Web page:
Tolerance cannot be prescribed. It has to be felt. It has to radiate out of a deep conviction within. Can there be real plurality, diversity, tolerance or any other liberal value, without an honest and uncompromising scrutiny of the self? Is there another way to come to these values than (ironically) a divisively ideological one?
Perhaps a precious space is lost when we divide ourselves into camps where, on the one hand, all spiritual claims are handed over to an extreme ideology of religion and, on the other, no strand of faith, feeling or reverence is entertained in favour of a strictly secular and ‘rationalist’ mode of thinking. Perhaps we need to reclaim ideas such as ‘adhyatma’ (self-inquiry) and ‘bhakti’ (reverence), which speak to us as a people and bring us to a shared set of values.
Can we go beyond the idea of ‘tolerance’ into a more rigorous demand made of the human subject – to know the nature of the self? Perhaps then one arrives at the knowledge and the experience (not an idea) that the ‘other’ (Hindu, Muslim, secularist, fundamentalist, liberal, etc) is the same as oneself. Such a rigorous self-study might equally shock us with the recognition that whatever evil one finds in the ‘other’ is in some way or measure also contained in oneself. Then could anyone seriously afford to be self-righteous?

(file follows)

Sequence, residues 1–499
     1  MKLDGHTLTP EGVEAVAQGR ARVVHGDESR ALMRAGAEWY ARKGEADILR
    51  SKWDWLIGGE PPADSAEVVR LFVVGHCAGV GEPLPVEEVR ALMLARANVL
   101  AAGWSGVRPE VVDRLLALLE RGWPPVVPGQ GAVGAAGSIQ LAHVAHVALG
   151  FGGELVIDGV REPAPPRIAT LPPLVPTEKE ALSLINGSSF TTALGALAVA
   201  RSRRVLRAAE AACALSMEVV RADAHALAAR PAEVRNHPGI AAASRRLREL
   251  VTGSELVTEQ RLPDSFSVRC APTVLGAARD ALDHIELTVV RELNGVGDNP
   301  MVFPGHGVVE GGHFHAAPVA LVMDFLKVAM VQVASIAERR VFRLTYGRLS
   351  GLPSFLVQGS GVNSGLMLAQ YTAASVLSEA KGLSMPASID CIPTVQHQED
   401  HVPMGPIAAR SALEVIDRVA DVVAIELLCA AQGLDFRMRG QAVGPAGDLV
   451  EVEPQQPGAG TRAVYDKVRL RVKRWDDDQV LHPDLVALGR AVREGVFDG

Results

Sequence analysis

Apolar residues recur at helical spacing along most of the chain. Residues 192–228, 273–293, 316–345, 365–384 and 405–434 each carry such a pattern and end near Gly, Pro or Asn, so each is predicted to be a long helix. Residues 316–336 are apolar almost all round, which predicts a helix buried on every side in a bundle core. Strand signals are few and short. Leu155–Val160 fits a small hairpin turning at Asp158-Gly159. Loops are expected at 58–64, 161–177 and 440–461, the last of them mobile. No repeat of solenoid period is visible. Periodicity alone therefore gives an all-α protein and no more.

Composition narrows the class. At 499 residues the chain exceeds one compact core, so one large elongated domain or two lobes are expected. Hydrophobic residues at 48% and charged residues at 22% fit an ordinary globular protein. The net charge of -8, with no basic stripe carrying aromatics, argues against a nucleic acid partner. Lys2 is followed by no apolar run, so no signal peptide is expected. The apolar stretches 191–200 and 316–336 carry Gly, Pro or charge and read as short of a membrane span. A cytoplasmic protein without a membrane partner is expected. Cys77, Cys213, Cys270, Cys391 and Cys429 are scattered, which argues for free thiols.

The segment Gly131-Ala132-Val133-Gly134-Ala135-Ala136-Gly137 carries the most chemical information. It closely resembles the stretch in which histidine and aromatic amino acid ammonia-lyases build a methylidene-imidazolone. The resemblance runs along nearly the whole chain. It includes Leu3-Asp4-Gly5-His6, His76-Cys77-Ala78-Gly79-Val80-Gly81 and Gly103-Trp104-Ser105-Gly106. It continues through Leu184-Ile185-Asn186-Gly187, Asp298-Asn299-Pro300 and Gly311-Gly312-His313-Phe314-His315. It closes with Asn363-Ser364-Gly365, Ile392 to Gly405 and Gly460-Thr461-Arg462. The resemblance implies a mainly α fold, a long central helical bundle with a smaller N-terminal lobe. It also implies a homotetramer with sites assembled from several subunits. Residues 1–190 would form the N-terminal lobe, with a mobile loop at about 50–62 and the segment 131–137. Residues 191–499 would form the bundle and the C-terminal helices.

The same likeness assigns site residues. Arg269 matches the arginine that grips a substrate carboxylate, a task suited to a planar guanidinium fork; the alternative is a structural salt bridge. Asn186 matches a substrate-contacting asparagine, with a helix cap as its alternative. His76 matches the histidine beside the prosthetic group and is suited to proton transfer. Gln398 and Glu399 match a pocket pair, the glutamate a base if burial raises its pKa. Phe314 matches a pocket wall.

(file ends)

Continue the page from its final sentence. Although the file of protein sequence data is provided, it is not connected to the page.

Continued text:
Bura jo dekhan main gaya, bura na milya koi
Jo tan khoja aapna, toh mujhse bura na koi
I set out in search of evil
I found no one bad
When I looked into my own skin
No one more evil than me
One of the strongest and most consistent strands of the Indic tradition has been self-inquiry. This inquiry into the nature of being human has always been in the bloodstream of our country, through music, poetry, dance, sculpture, art, argument, philosophy as well as schools of meditational and spiritual practice.